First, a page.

Note: The State Attorney’s office dropped the charges against Salaam in the spring of 2011.
Coincidental alliterations aside, local Realtors don’t want their trademark R to be confused with what appears to be a rogue Realtor’s rental scam in Palm Coast’s R Section. And the accused Realtor says police is mis-characterizing the issue.
Margaret Watkins is a young mother with a 4 year old and a 7 month old. In May she was thrown out of the third house she’d rented in a year, for the same reason: house after house was foreclosed. To search for yet another house for her family, she looked up Mohamed Salaam, a Palm Coast Realtor since 2001 who goes by “Buddy.” “He seemed like a very nice, honest guy. I really liked him,” Watkins said. “I trusted him.”
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Salaam showed her three houses. Watkins settled on a 1,000-square-foot house at 52 Russo Drive, not far from Rymfire Drive off of Belle Terre Boulevard. “I gave him first, last and security, and then signed my lease on June 1st,” Watkins recalled today. “Three months later, the real owner came by the house and asked me what am I doing in her house.” Elizabeth Giddens, the owner of the house since 2003, told Watkins she’d have to leave. Watkins showed her the lease she’d signed with Mohamed. Giddens didn’t know anything about it. Watkins showed the one-year lease to the Flagler County Sheriff’s Office. She was told her lease was a fraud, and that she could face an eviction notice at any time.
On Aug. 2, Salaam was arrested, charged with burglary, grand theft, and obtaining $3,750 by fraud. The 56-year-old father of eight grown children was booked into the Flagler County Jail on $15,000 bond, which he posted shortly.
Realtor associations have been warning of rental scams for years, more so as the housing bust left innumerable properties empty and easy to misuse, especially by savvy fraudsters. The type of scam Mohamed allegedly ran on Watkins is usually the work of fly-by-night cons who, advertising on the Internet or through equally difficult-to-trace means, illegally acquire entry to a property, offer it up at an attractive rental price, secure the first and last month’s rent and a security deposit—then disappear.
What’s different in this case is that Watkins paid first and last and the security deposit, but Salaam didn’t disappear even as Watkins paid three more months’ rent. He is licensed by the state Realtors association. He’s well known within the local association, though he also has a reputation for doing business on terms somewhat less legible than fine print. He lives down the street from Watkins—literally, a mile away. At least for now. He’s living in at 22 Ryken Lane, a 3,900 square foot, two-story house with a Mark Dwyer election sign planted in the front yard and three cars, later four, parked in the driveway. The house doesn’t belong to Mohamed. The $168,000 house was deeded on July 7 to Fannie Mae. Fannie Mae doesn’t rent houses.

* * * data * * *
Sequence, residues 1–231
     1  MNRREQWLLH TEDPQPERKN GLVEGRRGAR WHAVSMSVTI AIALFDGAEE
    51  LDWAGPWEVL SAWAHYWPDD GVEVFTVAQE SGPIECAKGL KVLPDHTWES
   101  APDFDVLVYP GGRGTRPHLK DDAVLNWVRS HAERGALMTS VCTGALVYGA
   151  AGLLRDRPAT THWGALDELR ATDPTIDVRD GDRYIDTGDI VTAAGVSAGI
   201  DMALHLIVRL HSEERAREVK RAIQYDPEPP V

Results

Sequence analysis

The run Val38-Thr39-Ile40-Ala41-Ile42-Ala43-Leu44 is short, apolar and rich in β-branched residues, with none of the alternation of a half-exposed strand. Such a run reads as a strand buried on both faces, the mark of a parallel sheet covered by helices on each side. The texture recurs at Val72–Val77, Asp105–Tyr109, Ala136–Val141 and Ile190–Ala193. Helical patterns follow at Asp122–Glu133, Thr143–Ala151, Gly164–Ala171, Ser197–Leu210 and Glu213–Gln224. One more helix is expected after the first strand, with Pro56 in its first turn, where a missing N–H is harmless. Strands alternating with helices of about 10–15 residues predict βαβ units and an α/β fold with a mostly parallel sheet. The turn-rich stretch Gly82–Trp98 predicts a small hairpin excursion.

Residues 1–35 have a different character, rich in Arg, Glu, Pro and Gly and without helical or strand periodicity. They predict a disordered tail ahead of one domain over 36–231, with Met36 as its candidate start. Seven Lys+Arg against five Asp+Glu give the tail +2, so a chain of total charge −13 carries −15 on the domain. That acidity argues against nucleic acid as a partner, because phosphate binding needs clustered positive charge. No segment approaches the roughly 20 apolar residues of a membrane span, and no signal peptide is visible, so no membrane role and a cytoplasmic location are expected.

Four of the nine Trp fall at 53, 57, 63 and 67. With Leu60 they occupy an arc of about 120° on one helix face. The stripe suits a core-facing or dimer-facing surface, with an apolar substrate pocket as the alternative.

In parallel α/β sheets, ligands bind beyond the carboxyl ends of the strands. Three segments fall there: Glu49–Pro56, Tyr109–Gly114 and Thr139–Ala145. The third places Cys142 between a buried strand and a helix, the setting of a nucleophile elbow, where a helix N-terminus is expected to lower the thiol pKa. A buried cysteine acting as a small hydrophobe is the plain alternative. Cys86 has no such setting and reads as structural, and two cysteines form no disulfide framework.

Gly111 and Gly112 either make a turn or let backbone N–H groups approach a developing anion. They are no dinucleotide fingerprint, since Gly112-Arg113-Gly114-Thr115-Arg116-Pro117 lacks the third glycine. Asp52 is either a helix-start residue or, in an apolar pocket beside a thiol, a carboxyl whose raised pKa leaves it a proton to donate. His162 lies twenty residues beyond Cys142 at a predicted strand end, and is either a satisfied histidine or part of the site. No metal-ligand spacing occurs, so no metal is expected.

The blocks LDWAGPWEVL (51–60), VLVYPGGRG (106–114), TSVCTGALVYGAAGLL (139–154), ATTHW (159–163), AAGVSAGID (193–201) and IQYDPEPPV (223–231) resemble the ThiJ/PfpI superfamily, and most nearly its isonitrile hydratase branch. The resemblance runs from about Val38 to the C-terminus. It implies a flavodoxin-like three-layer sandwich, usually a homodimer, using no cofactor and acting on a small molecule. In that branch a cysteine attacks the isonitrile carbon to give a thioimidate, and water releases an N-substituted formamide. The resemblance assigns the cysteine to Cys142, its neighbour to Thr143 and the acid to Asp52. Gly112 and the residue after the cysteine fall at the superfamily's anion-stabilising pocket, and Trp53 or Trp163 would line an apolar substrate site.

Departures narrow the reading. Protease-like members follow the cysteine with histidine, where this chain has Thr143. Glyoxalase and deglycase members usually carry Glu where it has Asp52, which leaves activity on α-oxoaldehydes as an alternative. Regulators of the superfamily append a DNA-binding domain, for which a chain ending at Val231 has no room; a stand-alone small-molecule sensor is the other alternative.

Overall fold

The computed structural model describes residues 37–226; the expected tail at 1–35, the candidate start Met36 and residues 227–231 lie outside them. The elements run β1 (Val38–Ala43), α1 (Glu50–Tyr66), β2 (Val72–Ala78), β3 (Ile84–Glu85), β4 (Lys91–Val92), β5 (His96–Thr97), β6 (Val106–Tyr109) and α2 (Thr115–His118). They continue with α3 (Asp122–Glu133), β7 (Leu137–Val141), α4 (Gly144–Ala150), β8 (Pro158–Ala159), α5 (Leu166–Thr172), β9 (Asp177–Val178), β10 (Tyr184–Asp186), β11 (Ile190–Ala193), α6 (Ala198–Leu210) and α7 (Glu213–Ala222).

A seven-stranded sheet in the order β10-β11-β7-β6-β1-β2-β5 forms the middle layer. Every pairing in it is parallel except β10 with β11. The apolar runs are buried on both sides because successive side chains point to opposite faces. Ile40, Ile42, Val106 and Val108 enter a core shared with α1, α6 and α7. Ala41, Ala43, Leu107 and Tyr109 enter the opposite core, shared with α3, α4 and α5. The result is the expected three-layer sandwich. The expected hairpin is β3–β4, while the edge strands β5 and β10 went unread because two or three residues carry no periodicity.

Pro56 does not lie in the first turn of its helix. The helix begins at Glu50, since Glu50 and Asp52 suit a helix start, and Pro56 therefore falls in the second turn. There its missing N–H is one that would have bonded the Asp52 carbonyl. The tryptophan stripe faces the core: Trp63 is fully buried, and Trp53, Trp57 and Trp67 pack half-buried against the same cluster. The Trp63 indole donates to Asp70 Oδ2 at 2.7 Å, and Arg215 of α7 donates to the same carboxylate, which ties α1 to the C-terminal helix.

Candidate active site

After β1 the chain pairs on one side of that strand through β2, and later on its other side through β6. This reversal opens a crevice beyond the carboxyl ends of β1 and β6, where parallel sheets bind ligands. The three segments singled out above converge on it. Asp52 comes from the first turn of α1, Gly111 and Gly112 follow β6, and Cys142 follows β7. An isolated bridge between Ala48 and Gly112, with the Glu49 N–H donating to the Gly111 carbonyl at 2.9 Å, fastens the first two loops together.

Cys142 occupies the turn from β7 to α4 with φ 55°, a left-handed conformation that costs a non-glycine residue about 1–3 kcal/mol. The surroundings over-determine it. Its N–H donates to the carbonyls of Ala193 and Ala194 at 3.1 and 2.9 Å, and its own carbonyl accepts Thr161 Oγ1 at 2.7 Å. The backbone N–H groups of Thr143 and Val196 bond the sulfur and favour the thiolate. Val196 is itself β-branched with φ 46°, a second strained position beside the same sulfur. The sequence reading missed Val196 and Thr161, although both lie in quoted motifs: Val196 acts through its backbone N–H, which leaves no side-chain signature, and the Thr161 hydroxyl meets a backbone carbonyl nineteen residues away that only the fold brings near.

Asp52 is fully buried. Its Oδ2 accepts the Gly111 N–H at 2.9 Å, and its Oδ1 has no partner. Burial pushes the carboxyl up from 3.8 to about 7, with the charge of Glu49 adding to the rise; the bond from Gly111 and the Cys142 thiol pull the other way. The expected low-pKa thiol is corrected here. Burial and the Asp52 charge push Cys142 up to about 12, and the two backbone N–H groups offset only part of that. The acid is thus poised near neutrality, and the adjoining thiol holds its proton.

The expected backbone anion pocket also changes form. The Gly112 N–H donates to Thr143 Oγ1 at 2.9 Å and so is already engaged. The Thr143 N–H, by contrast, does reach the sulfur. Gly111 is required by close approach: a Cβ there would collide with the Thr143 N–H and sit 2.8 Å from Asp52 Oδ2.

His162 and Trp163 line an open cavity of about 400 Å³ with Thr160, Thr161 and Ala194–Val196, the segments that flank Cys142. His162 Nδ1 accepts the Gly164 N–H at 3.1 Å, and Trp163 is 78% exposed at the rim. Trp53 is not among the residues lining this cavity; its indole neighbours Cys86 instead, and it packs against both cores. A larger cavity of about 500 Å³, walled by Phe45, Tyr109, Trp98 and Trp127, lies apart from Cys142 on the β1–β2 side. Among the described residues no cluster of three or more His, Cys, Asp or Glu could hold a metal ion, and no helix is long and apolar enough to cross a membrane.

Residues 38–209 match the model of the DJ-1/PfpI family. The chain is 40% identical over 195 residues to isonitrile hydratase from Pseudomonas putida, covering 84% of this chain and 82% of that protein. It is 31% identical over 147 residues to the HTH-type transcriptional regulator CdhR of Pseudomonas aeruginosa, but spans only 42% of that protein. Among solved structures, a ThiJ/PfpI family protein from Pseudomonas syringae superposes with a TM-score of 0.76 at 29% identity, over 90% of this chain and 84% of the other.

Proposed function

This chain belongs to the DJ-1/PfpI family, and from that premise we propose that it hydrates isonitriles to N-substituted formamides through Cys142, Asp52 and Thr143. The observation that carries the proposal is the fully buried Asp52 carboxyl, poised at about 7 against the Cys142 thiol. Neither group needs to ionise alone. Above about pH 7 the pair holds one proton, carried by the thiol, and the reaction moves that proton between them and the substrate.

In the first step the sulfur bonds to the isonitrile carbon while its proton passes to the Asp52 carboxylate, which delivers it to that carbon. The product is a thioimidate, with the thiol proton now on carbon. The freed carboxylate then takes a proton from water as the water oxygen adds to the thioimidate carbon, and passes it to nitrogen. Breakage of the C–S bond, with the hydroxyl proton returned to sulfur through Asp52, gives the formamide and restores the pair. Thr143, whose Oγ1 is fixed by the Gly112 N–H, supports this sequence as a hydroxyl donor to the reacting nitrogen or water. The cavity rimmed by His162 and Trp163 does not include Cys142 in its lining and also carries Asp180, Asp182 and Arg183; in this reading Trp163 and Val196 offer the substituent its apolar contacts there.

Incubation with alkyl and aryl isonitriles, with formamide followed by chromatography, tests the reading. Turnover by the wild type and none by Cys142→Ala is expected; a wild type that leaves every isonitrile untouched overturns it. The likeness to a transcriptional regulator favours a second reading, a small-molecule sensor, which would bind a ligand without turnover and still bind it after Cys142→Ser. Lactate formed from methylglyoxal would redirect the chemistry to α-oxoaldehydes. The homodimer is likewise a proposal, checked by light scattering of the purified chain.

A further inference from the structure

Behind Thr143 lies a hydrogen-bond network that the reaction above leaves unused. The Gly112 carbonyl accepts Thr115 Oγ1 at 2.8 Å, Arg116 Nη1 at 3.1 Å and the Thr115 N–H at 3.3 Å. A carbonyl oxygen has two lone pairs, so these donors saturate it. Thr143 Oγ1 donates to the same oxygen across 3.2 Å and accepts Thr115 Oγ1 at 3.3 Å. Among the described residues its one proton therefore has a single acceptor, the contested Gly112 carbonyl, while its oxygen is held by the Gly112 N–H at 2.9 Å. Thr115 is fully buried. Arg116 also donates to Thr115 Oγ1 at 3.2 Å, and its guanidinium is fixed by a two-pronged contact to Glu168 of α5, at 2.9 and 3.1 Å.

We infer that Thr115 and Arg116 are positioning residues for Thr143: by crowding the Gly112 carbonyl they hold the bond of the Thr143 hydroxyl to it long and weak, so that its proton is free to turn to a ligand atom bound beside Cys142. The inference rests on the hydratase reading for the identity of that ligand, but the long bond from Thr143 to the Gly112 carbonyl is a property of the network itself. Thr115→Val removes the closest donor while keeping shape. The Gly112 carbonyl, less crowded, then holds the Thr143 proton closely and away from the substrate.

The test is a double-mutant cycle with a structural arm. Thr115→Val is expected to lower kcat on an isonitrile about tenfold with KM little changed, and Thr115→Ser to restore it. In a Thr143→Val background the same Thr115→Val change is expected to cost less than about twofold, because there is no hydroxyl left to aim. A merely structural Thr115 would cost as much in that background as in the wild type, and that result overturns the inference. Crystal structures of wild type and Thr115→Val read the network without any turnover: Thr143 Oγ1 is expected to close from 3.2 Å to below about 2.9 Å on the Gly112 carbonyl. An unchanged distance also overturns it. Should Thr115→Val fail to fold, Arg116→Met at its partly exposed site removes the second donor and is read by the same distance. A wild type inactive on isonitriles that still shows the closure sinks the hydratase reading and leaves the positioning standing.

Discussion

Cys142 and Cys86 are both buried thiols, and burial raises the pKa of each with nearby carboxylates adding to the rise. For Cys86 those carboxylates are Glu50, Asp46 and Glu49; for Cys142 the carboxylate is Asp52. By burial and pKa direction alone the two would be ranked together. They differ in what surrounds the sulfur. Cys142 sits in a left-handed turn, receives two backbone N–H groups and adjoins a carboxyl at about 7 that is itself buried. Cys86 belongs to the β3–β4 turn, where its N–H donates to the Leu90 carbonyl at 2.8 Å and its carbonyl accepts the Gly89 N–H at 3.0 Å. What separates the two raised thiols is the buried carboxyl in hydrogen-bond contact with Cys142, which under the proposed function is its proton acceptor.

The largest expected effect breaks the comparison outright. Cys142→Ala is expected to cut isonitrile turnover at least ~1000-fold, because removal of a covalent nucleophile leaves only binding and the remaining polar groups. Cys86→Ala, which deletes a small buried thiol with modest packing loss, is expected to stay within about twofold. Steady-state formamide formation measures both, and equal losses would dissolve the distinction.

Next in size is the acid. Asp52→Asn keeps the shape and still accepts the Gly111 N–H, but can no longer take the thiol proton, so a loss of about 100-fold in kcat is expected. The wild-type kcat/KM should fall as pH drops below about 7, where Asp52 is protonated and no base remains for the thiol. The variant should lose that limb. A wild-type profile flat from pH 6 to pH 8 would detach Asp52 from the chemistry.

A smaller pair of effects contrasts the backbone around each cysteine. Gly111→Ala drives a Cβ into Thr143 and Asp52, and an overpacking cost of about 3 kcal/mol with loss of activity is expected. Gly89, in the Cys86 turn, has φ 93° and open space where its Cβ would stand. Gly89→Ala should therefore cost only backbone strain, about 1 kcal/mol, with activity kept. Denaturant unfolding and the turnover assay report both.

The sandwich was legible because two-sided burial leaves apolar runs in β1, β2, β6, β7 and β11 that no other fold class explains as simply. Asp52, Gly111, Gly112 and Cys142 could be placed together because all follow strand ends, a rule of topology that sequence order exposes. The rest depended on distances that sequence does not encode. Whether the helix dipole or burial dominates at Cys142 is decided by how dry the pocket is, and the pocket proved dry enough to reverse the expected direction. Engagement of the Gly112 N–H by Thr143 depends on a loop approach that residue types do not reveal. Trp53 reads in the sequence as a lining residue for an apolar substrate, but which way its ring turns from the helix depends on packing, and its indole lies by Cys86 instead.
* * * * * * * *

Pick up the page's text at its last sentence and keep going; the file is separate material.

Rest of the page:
“We have a deal to buy it,” Mohamed said. “Part of the deal is that, you know, we can be there.” He’s been in the house with three of his children and his wife since January.
Speaking in front of the Ryken Lane house this morning, Salaam said there never was any intent to defraud because he said he had an agreement with the house owner to execute a short sale on the house.
“She said listen,” Mohamed said in reference to the house owner, “the house is going to go into foreclosure, can you do a short sale? I said OK, can we rent it, and she said fine. I don’t know what happened between her and the tenant. They got into a huff and she wanted the tenant to go, so the tenant called the sheriff and said I have a lease.”
Asked specifically if the owner had, in fact, agreed to a renter, Mohamed said: “Well, I have to go back to my files. This thing really upset me and caused me a lot of embarrassment. I have to go back to my file but I’m sure the listing agreement says we can rent the property. I’m just going through all my paperwork now.” Giddens did not return calls placed to her home.
Watkins said she made clear to Mohamed that she was looking for stability—and that Watkins would accommodate her. “Three days after I moved in here, I got served foreclosure papers,” Watkins said. “He told me oh, don’t worry about it, I’m working with her and her bank”—meaning with Giddens. “Before he said he was working with her to do a loan modification.” Either way, Giddens told Watkins that there was no such deal in the works. She just wanted Watkins out of the house. Watkins has since tried to speak with the Legal Aid office in Flagler without success. She hasn’t yet found another place.